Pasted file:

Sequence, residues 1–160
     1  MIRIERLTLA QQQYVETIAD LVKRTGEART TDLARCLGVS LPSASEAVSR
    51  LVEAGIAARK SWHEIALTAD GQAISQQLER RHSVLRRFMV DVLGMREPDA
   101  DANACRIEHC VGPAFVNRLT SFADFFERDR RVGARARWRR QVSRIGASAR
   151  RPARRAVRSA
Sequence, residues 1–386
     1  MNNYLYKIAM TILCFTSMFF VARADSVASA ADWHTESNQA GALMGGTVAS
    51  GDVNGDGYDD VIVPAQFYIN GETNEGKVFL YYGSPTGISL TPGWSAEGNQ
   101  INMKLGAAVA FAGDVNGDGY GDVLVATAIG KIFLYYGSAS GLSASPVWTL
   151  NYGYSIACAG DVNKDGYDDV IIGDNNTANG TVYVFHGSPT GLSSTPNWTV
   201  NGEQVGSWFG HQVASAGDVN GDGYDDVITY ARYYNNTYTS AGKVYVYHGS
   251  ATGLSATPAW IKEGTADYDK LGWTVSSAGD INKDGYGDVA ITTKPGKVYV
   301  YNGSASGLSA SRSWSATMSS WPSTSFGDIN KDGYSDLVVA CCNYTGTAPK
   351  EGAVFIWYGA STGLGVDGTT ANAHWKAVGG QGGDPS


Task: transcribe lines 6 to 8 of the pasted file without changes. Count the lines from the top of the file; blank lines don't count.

Sequence, residues 1–386
     1  MNNYLYKIAM TILCFTSMFF VARADSVASA ADWHTESNQA GALMGGTVAS
    51  GDVNGDGYDD VIVPAQFYIN GETNEGKVFL YYGSPTGISL TPGWSAEGNQ